Courtesy of the NWI Times
With robot-assisted surgeries and machines that use 3-D images to diagnose illness, it's clear the future of medicine already has arrived in Northwest Indiana.
This month, Methodist Hospitals began offering 3-D tomosynthesis for breast cancer screenings using a Selenia Dimensions digital mammography system. Methodist is one of fewer than 100 breast cancer screening sites in the country to install the new equipment.
"We wanted something that was the latest technology," Methodist CEO Ian McFadden said. "Actually, it's as good as it gets in terms of technology."
Dr. Kenneth Segel, lead interpreting physician for mammography, said the technology has been used in Europe but just recently was approved in the United States. The machine acquires multiple images of the breast from different angles. The images are put together to create a 3-D reconstruction.
"It's the next logical step after digital mammography," Segel told The Times earlier this year.
This year, Indiana University Health LaPorte Hospital's Arrhythmia Center began offering the Sensei X robotic catheter, another surgery-assisting robot. It provides 3-D catheter control and visualization while exposing patients to less radiation.
In July, The Community Hospital announced it would begin using BioVision, which provides instant feedback to physicians in the operating rooms who are removing tumors.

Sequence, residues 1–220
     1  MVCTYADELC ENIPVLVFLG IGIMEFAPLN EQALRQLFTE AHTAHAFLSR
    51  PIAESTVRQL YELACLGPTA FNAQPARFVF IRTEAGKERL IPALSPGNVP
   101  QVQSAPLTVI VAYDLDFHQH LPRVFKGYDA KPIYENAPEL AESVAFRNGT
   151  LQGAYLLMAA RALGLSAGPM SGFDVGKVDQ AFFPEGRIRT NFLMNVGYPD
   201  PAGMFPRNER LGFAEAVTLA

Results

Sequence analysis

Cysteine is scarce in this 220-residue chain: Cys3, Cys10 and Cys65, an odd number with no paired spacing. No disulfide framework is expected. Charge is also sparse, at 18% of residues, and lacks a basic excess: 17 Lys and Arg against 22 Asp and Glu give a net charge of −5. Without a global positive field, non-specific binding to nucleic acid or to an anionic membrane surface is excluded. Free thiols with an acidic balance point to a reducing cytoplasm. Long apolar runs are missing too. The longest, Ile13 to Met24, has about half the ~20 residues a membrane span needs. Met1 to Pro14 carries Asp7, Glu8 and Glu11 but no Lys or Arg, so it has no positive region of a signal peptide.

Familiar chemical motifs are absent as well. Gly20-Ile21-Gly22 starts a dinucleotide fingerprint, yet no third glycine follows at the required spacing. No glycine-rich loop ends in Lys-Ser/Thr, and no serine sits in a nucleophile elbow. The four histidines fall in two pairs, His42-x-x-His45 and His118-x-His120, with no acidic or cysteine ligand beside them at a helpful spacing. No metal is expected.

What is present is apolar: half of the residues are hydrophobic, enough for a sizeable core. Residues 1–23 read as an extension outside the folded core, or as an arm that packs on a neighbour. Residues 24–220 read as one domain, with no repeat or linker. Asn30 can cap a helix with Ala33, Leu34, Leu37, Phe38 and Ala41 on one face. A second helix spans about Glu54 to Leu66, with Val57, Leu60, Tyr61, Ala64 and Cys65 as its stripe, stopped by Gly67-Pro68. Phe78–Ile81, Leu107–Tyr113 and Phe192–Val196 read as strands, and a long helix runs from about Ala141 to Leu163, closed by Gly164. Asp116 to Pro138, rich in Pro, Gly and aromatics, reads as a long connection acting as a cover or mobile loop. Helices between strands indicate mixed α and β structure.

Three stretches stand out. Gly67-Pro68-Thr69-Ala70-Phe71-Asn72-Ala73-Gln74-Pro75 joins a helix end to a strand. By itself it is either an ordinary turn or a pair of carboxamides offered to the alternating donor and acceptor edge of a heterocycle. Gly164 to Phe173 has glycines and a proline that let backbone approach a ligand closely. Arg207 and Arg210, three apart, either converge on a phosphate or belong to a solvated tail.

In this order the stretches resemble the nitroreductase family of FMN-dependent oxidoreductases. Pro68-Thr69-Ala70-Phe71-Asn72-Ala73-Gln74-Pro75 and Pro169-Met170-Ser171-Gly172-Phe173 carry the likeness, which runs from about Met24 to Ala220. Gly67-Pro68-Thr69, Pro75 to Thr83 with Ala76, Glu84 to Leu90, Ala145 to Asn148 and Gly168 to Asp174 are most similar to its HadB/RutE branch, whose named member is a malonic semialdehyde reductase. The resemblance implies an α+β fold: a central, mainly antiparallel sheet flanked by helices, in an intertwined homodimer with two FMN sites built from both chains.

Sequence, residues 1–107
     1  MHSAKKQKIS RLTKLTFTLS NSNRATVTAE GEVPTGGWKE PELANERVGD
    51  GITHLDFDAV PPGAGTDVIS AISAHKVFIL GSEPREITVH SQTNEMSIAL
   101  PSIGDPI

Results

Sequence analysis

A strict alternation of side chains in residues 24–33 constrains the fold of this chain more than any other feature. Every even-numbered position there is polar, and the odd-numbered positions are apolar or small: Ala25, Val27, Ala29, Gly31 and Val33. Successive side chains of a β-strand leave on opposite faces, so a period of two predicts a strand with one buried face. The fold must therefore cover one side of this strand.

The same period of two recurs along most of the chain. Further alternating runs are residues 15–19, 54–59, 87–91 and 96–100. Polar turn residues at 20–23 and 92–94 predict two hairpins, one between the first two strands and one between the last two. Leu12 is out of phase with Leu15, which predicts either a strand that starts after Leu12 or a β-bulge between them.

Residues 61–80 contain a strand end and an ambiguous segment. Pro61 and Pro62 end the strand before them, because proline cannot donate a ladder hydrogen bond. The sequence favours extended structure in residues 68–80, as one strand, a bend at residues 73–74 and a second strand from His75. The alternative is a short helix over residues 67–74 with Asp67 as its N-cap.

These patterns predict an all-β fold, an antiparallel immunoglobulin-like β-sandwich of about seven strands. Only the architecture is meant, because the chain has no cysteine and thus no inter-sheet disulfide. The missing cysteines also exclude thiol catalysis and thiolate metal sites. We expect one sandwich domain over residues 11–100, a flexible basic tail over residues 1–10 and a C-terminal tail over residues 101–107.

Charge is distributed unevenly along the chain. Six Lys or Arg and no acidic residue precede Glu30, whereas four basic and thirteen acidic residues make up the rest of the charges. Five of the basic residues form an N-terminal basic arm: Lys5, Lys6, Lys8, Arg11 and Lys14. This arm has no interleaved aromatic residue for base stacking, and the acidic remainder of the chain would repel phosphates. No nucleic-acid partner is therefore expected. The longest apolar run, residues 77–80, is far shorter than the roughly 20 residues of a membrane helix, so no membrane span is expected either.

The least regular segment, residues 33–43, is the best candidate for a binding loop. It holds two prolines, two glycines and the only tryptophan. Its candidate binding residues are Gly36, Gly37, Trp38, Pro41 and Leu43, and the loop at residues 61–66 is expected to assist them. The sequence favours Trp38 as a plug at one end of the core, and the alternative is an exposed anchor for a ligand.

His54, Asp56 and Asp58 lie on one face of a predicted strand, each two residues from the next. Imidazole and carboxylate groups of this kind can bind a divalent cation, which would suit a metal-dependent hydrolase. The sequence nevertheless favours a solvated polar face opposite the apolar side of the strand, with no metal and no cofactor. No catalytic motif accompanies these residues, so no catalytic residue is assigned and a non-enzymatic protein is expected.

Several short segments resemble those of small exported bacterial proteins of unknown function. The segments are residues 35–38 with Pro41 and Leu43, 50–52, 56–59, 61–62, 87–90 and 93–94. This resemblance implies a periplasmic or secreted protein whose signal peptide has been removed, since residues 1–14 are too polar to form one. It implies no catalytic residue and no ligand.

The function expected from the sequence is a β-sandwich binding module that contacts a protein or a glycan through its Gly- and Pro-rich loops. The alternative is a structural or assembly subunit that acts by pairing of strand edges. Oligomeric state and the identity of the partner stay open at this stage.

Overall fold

"It's changing the way that we diagnose very early breast cancer," Dr. Terrence Dempsey, general surgeon and The Community Hospital surgery department chairman, said in a statement.
Community physicians say it saves them 45 to 60 minutes.
At St. Mary Medical Center in Hobart, physicians are using endobronchial ultrasound, a relatively new, minimally invasive procedure used to diagnose lung cancer, infections or other diseases causing enlarged lymph nodes in the chest. Physicians obtain tissue or fluid samples from the lungs and surrounding lymph nodes without surgery.
In December, Franciscan St. Anthony Health Crown Point began using a da Vinci surgery robot, joining other Franciscan Alliance hospitals in the region that use the machine for minimally invasive surgeries such as kidney removal and uterus removal.
Dr. Michael Leland, an orthopedic surgeon at Porter hospital, has been doing hip replacements for 30 years but recently began doing the replacements with the help of a special table. The table allows him to perform a hip replacement using an anterior approach instead of a posterior approach, leading to less invasive surgery with quicker recovery time.
"Doctors in Porter County have made a great effort to learn skills and have skills using top-of-the-line techniques," Leland said. "There's no need to get on the Skyway. We do it here. And we have free parking."